Dec 19, 2017
My electrical outlet is not working. Now what?
You use the electricity in your home a lot. You’re constantly charging devices, adding new toys and juggling what deserves one of those precious spots on your wall outlet or power strip.
If you have an electrical outlet that is not working, it feels like you’re constantly working around the problem. Even if your dead outlet is in an empty room that no one uses, it feels like it could really come in handy sometimes — and if it is in a busy space like your kitchen or living room, well, that’s just unacceptable.
There are a lot of older homes scattered across Northern Virginia. In Alexandria, for example, over 50 percent
of the available housing stock was built before 1969. In nearby Fairfax, that number jumps to 59 percent
Head out west a bit to a city like Warrenton, where we established ourselves this past February, and we’re still seeing over 32 percent of homes
in that 50-year-or--older range.
It’s not that uncommon to have electrical issues in these older houses — and even the newest builds can have faulty wiring or contractor missteps that go unnoticed until a few years pass.
Given our dependence on a tech-driven lifestyle, we need every outlet in safe, working order. So what do you do when you realize you have an electrical outlet that is not working? Let’s take a look.
Why is my electrical outlet not working?
There are several reasons why an electrical outlet stops working. Let’s look at the most common issues:
- Loose connection. Loose connections are more common with old wiring. If your terminal screws, wire connectors or stab-in connections are loose, excess heat can be generated and a little flare-up can occur, burning out the wiring. It’s possible to fix loose connections on your own, but we recommend contacting a local electrician. It’s easy to make a dangerous mistake.
- Bad installation. If your outlet has never worked properly, it’s possible that someone improperly installed them. If you’re a seasoned home renovation expert (or know someone who is), you can try turning off the power, pulling the outlet out of the box and securing the connections. Again — this is not a job for amateurs. If you’re not familiar with electrical work, please avoid the danger and leave this task to a trained Warrenton electrician.
- Your circuit breaker tripped. A dead outlet isn’t always the result of a major electrical problem. Maybe you (or someone in your family) just overload the circuit. Check the panel and reset your breakers — sometimes these stick, so make sure you flip them all the way. If the circuit continues to fail, it’s a sign that your home can’t support your electrical needs. It’s time to talk to a Warrenton electrician, or the electricians in your hometown, and create a game plan for updating your wiring.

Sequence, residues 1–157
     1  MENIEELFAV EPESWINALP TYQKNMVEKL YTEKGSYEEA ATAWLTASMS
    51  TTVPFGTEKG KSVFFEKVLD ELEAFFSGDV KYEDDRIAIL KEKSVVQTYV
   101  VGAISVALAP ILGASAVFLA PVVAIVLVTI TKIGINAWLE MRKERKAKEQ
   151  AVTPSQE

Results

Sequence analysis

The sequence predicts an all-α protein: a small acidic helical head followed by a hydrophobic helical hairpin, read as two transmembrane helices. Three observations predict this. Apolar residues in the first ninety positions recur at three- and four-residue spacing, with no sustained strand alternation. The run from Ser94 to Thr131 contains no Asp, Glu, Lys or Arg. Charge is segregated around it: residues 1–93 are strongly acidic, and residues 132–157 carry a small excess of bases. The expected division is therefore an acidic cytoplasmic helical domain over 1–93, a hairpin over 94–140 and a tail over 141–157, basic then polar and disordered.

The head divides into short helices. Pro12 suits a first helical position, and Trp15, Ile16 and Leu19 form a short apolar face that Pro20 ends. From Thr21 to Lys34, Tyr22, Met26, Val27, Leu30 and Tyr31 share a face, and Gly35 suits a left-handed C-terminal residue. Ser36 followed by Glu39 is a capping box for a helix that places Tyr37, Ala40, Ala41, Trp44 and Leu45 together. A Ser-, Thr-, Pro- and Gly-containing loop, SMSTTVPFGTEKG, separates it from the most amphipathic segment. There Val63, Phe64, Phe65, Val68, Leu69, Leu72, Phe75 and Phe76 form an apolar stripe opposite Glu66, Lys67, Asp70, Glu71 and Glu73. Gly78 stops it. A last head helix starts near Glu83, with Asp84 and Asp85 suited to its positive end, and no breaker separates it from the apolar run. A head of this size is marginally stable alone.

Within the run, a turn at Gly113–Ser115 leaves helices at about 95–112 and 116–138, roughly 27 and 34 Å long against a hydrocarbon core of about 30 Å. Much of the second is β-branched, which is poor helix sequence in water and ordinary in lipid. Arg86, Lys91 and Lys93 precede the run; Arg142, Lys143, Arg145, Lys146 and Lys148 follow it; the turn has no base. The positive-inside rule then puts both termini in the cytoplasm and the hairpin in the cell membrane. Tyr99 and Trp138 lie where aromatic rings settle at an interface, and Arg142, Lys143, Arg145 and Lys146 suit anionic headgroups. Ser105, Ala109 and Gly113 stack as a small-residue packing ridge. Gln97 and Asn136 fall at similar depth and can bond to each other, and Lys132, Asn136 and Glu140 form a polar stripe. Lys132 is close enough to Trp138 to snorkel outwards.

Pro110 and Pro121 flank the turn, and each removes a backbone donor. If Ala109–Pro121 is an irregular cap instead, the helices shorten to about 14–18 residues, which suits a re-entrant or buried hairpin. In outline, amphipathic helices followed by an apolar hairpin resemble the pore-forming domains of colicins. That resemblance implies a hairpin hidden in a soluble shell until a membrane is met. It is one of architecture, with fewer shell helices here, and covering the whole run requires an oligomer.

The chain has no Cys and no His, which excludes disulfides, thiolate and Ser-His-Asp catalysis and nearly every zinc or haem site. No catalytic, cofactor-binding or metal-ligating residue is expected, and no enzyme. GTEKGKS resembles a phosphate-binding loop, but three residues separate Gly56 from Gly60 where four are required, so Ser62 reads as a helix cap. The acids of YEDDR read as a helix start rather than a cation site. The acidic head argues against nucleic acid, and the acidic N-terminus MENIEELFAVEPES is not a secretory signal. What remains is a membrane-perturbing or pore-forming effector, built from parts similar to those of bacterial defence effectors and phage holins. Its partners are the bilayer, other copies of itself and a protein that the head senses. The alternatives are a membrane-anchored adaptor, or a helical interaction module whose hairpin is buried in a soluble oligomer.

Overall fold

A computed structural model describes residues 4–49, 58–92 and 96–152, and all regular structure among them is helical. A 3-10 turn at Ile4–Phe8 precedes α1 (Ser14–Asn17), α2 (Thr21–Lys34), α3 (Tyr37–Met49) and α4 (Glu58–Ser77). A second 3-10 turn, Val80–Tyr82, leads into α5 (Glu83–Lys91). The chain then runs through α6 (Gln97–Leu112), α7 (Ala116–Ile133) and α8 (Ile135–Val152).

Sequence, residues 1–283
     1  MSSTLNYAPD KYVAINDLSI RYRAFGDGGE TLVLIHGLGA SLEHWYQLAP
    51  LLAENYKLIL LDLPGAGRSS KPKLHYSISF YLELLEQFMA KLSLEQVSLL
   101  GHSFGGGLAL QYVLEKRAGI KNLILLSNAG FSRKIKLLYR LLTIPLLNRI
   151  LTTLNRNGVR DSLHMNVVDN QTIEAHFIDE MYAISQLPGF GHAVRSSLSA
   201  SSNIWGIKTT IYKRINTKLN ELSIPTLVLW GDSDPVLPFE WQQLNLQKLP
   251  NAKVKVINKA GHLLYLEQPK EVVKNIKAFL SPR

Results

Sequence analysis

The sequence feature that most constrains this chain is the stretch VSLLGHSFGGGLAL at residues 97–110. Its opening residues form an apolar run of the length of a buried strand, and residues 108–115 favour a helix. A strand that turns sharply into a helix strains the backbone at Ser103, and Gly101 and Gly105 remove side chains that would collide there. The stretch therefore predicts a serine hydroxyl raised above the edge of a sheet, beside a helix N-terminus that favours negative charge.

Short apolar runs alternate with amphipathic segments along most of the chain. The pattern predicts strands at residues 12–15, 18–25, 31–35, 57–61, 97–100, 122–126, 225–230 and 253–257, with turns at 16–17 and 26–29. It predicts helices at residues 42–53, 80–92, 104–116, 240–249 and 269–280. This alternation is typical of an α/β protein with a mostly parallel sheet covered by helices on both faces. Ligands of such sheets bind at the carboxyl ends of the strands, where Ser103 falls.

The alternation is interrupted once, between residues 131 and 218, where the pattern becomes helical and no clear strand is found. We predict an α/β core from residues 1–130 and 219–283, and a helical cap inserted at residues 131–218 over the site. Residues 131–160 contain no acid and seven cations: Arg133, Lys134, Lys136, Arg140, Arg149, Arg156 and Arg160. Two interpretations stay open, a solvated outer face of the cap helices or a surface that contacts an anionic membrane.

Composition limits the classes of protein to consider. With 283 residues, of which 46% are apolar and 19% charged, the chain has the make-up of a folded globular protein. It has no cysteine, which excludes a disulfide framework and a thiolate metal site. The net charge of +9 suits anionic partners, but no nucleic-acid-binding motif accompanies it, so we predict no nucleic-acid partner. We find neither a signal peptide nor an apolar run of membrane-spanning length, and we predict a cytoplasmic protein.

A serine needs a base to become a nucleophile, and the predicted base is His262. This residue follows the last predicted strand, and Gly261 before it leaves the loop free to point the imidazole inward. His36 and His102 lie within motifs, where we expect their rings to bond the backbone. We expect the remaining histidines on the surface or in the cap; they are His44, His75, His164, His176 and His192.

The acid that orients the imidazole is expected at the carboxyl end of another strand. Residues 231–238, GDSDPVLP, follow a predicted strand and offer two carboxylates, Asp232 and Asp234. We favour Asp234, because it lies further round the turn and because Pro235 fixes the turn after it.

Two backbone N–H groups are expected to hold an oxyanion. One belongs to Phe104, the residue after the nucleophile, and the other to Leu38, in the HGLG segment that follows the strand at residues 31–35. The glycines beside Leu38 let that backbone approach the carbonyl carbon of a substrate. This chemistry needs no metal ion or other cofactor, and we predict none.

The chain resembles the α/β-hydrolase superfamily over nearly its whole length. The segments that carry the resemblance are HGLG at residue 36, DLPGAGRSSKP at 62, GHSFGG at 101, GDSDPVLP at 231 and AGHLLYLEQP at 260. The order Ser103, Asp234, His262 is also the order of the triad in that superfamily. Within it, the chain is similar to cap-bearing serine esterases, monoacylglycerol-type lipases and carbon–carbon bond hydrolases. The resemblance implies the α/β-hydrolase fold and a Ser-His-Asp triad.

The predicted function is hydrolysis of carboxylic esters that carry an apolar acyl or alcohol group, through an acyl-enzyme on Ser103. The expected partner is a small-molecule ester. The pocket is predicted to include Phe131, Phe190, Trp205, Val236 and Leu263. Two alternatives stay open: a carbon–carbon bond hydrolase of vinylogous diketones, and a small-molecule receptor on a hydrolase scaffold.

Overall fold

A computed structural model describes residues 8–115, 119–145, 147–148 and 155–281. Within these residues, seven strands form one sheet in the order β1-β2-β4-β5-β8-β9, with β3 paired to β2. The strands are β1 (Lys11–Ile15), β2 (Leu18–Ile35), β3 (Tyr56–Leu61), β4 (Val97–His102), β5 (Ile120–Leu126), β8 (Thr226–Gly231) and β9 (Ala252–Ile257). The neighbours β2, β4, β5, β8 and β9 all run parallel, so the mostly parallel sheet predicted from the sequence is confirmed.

- Check the GFCI breaker. Many buildings require GFCI outlets — ground fault circuit interrupters — near sinks. Instead of causing the circuit breaker to flip off, this device shuts down itself (and the other outlets on the same circuit) when it detects a short or excess heat. Try resetting the GFCI breaker before calling electricians in Warrenton or breaking out your tool belt.
Is a dead outlet dangerous?
Home electrical fires account for
an estimated 51,000 fires each year, nearly than 500 deaths, more than 1,400 injuries, and $1.3 billion in property damage. You should take any electrical issue seriously.
We aren’t trying to frighten you or be overly alarmist — some people live with dead outlets for years. But if your electrical outlet is not working and you see these telltale signs, talk to an electrician as soon as possible:
You have discolored outlets. This may actually mean you’ve already had a small fire. A discolored outlet or switch is a sign that a loose connection or faulty wiring created a spark that started fire, causing the discoloration.
You smell burning. This should be pretty straightforward: if you smell something burning in your home, don’t ignore it! This is not normal. In relation to a dead outlet or an electrical outlet that does not work, the burning smell may mean that you have an electrical short. If you don’t have discolored outlets, the short may be within the walls. Contact your Warrenton electrician right away (and the fire department, too).
Your outlet sparks. Again, this is not normal. When your outlet builds up too much heat, it can melt the insulation that surrounds the wires. When that damaged wire makes an electrical connection, it can cause a short circuit and create a serious spark or even fire.
How much electricity can my outlet handle?
A great way to understand how much electricity your outlet can handle is to figure out the voltage levels of your house.
To do this, first, you’ll need to find the number of watts of power in use and then divide it by the number of volts your house is rated for (typical homes are rated for 120 volts). If this number is below 80 percent, then you’re in a safe range. If not — you could be putting yourself at risk
Don’t ignore a dead outlet.
Power strips and multi-prong outlets are nice for occasional electrical needs. Relying on them all of the time because you’re ignoring a problem with a dead outlet is just careless — and potentially dangerous.
Professional electricians in Warrenton
have years of training and experience to draw from when working on your electrical repairs. With real knowledge of building and safety codes, they can make sure your electrical work is up to standard.
You’ve got the power.
Don't settle for a wall outlet that just won't work. One of our five-star Warrenton electricians solve the problem for you. Our local electricians are the smart, safe bet to get that wall socket back into action. Call CroppMetcalfe 1-877-740-6657 or schedule service online